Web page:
Q. What did he say when you told him you were going to use it?
A. “That’s fine.”
Q. He said, “That’s fine.”
Later in his deposition, plaintiff testified:
A. I told [one of the members of the White family] I wanted to put a gate up on that road. After I had gotten that road maintained real well, I wanted to put a gate up, and I had to put it on their property, and would that be any problem for him, and he said no. I put the gate up, and I sent them *301keys. On several occasions, people would shoot the lock off. I’d put new locks on, and then I’d send them keys again. Every time I changed the lock, we sent them a set of keys.
Q. Could you show on a map where the gate was?
A. Sure. Well, I could —l ean take you out there on the property and show you. If you had the right kind of map, I could show you. I put it just up above where the road turned off to go to Noey Vess’s property, because I couldn’t block Noey Vess from getting to his property on that road.
Q. When you told the Whites that you were going to put a gate at that location, why did you say you were going to put the gate up?
A. Because I had gotten the road in such good shape that you could take a car all the way to the top of that mountain, and a lot of people were starting to use it, and going there, and I thought that we needed to have some protection.
Q. So how did the White that you spoke with respond to that?
A. “That’s fine.” I said, “I’ll send you keys.” He said, “That’s great.”
It is true that evidence of repairing or maintaining a roadway is evidence of intention to claim and use the land as one’s own. See, e.g., Potts v. Burnette, 301 N.C. 663, 273 S.E.2d 285 (1981). However, in his deposition plaintiff admitted that he told the owner of the servient estate that he was going to keep the road maintained for both plaintiff’s benefit as well as the owner’s benefit. He also made sure that the Whites had keys to the gate that blocked the road. For a use to be adverse, it “must be with the intent to hold to the exclusion of others.” P. Hetrick & J. McLaughlin, Webster’s Real Estate Law in North Carolina § 319 (1988). Plaintiff clearly admitted that he did not intend to hold the easement to the exclusion of others. Also plaintiff’s action in approaching the owner of the servient estate about the maintenance of the roadway and building the gate amounts to his asking the owner for permission. “Entitlement to an easement by prescription is restricted because a landowner’s ‘merely neighborly act’ of allowing someone to pass over his property may ultimately operate to deprive the owner of his land. For this reason, mere use alone is presumed to be permissive, and, unless that presumption is rebutted, the *302use will not ripen into a prescriptive easement.” Johnson v. Stanley, 96 N.C. App. 72, 74, 384 S.E.2d 577, 579 (1989) (citation omitted). Here, plaintiff has not presented sufficient evidence to overcome the presumption that his use was permissive and the trial court appropriately granted the additional defendants’ motion for summary judgment.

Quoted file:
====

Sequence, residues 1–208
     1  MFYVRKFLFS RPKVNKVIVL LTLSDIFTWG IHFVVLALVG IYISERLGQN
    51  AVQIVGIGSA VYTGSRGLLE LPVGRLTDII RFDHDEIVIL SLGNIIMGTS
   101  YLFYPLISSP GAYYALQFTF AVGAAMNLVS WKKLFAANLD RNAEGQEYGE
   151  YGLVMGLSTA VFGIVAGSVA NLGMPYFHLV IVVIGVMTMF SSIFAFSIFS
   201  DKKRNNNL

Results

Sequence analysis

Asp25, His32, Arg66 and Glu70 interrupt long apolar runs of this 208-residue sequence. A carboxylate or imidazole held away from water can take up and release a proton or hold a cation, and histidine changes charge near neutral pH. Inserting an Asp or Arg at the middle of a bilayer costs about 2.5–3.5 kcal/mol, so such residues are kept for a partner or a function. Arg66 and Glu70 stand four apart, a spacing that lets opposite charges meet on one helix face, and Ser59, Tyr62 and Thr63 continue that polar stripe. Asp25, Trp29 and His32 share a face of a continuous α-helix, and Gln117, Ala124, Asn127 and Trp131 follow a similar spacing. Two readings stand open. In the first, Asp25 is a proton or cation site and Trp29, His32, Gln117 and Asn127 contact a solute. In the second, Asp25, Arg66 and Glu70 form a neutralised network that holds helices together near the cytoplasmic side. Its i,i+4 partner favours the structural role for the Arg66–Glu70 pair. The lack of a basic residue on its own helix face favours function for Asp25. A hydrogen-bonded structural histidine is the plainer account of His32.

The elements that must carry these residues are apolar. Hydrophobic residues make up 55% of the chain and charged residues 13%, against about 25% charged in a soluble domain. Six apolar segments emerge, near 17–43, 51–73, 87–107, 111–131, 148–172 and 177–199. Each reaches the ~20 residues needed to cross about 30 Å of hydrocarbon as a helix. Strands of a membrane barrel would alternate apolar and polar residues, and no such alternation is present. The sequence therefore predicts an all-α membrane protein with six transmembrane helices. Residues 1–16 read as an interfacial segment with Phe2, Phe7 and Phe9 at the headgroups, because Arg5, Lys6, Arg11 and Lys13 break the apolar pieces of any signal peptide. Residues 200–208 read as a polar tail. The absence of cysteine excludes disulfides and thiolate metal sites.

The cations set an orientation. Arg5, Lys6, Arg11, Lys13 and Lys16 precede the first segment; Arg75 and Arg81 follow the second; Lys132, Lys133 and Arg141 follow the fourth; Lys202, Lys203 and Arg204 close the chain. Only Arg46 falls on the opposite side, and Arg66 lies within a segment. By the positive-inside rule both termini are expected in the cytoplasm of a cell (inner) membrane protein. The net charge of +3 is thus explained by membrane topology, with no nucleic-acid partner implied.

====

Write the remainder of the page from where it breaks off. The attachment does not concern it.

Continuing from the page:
As to defendant Cameron McKenzie, we hold that the trial court erred in granting summary judgment in his favor because we are bound by this Court’s holding in Carr v. Great Lakes Carbon Corp., 49 N.C. App. 631, 272 S.E.2d 374 (1980), disc. review denied, 302 N.C. 217, 276 S.E.2d 914 (1981). In Carr this Court held that it was error for a superior court judge to determine defendant’s second motion for summary judgment where another superior court judge had denied defendant’s first motion, even though the materials presented at the second motion differed from those at the hearing on the first motion.
For the reasons stated, the order of the superior court is affirmed in part and reversed in part.
Affirmed in part; reversed in part.
Judges JOHNSON and ORR concur.